An artist's impression shows how the flying Uber of the future could look. Picture: Uber Technologies.

San Francisco - Uber has said that it could be running a flying taxi service in four years.

Passengers using the smartphone app will be collected from pick-up points on the top of a tall office building, a multi-storey car park or a shopping centre.

And they will be able to beat gridlocked roads by flying in one of Uber’s electric planes at speeds of between 240km/h and 320km/h, the company said.

The planes could cover up to 100km on a single charge, with batteries boosted again within five minutes.

The service is not intended for the elite. The company hopes to offer its flying taxi service at a price only a third higher than the cost of a normal taxi.

For example, in the UK it could cost the equivalent of R800 to complete a 40km journey in an ordinary Uber taxi, but R1250 using UberAir.

A spokesman said UberAir will make its debut in the American cities of Los Angeles and Dallas in 2023, with global expansion planned in the years after that. It is hoping the taxis may fly in British skies in the next decade, but the UK debut will depend on successful launches in other locations first.

The electric planes, which will fly between 1000 and 2000 ft above ground, have become ‘a core need’ in cities where traffic-congested routes are at breaking point, according to Uber.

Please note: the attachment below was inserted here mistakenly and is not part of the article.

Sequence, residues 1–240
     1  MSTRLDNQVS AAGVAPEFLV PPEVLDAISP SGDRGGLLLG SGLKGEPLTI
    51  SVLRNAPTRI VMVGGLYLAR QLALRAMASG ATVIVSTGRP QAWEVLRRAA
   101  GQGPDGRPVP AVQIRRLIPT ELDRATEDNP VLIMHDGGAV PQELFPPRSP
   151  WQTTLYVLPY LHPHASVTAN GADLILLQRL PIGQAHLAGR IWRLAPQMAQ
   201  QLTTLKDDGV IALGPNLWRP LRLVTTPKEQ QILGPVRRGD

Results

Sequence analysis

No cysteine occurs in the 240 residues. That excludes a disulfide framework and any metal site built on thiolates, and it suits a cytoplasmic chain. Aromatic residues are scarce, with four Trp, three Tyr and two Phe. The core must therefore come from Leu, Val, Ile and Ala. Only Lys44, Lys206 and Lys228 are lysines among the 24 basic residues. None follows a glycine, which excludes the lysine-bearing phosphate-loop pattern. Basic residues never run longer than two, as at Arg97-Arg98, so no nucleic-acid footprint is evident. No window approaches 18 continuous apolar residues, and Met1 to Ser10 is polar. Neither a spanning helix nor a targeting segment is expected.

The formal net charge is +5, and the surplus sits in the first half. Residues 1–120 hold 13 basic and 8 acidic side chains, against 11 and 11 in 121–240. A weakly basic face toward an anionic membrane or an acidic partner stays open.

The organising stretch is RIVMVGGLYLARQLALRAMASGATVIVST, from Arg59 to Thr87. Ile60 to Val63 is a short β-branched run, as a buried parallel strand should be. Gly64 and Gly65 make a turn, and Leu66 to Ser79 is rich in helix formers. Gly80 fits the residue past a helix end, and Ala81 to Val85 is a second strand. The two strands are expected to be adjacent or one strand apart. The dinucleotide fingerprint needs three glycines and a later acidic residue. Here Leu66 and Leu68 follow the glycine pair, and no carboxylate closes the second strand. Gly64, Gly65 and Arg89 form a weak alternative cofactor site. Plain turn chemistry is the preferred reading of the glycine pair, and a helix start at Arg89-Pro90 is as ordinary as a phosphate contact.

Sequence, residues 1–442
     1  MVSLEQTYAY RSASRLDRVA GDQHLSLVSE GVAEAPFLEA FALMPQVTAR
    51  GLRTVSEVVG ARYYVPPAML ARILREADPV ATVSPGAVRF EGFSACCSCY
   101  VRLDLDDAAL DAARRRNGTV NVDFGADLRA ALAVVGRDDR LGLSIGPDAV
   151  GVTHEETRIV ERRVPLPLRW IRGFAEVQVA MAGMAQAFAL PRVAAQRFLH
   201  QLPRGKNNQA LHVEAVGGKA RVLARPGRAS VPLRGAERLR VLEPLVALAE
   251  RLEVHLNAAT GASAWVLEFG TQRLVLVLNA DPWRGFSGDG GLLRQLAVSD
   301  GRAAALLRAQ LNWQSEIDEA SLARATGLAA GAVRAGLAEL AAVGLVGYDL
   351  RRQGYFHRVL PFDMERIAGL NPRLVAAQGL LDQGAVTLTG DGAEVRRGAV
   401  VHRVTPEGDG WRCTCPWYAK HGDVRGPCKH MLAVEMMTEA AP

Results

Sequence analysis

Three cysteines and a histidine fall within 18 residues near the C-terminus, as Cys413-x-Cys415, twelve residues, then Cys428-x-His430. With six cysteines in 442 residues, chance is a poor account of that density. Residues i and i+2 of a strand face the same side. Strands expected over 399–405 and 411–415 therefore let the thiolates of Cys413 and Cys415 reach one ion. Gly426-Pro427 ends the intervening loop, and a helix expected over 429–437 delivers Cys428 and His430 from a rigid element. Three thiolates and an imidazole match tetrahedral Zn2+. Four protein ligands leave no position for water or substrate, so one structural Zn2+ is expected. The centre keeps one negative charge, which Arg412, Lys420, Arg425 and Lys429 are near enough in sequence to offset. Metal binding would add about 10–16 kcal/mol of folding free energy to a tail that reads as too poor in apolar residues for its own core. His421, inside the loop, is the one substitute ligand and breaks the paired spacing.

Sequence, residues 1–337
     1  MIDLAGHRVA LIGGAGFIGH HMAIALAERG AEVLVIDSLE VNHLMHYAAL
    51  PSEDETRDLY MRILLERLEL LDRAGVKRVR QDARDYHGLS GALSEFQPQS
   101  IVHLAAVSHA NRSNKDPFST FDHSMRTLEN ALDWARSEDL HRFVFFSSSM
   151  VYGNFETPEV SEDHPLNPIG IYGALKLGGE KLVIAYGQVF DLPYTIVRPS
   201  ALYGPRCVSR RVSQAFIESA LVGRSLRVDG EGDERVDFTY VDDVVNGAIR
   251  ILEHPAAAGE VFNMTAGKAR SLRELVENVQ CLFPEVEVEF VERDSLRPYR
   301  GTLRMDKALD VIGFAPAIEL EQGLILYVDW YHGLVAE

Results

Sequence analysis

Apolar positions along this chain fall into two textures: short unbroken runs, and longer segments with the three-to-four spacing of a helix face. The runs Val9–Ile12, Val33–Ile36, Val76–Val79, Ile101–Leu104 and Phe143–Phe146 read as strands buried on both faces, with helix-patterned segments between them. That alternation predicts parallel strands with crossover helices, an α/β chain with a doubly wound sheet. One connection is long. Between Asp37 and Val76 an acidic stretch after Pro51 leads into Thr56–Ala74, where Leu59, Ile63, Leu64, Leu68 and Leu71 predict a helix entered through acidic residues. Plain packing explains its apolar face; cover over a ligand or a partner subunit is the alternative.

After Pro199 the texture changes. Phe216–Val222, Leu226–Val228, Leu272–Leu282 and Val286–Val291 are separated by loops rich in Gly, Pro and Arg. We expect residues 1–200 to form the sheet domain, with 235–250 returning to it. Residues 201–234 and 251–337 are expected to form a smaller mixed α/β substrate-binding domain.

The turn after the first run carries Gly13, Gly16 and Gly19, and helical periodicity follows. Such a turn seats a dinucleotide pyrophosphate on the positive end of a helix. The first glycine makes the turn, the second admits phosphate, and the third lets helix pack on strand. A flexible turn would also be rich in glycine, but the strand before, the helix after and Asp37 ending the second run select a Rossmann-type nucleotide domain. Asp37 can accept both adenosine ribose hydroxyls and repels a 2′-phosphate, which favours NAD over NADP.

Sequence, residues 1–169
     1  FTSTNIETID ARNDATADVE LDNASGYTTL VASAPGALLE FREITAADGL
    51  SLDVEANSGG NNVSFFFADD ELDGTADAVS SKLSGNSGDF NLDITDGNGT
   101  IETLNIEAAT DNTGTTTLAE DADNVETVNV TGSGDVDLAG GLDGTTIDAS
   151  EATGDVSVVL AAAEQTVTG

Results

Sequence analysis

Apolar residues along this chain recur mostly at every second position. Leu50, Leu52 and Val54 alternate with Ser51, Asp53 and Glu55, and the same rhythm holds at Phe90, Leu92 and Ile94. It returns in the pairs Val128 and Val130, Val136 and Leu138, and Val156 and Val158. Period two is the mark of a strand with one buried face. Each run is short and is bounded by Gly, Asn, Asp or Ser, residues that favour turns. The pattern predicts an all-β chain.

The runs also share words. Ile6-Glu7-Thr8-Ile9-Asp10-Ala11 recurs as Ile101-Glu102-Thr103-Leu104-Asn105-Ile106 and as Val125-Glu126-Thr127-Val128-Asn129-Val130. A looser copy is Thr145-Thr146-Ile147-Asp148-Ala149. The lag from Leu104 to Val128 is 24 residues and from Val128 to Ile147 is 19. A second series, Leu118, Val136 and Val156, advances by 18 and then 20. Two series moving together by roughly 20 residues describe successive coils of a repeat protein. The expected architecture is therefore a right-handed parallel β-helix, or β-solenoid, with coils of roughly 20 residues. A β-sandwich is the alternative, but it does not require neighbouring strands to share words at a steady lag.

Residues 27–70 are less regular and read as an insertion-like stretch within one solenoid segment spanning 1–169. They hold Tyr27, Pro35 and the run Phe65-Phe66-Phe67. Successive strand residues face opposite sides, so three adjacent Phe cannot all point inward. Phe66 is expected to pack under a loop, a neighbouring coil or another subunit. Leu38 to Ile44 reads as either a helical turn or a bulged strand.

Pilots will fly up to four passengers through ‘virtual lanes’ after collecting them from the pick-up points. Once the project is completed, users could order and board one of the ‘flying cars’ in as little as five minutes.

The average flight will be 40km. Uber says that such a journey might take 69 minutes in a traditional taxi but 33 minutes using UberAir.

The flight would be 11 minutes with the rest of the time taken walking or taking a traditional taxi to and from the pick-up and drop-off point.

Uber is working with five companies on designs for its flying taxis and is still developing plans on how and if the vehicles would be able to fly in bad weather. The company has conceded that it may need to train a new workforce of pilots. Thomas Prevot, its director of airspace systems, said Uber will initially work with trained ex-commercial airline pilots. But he added: "As we build this out, we already have a pilot shortage, so we have to find ways to attract and train additional pilots.

"We hope that these vehicles can be flown more simply than helicopters and hopefully, over time, we could have a quicker training programme so that we can increase the pool of people."

Uber was locked in a court battle last summer over whether it was a ‘fit and proper’ private hire company and should be allowed to continue operating in London. It was put on a 15-month ‘probation period’ by Transport for London.

Daily Mail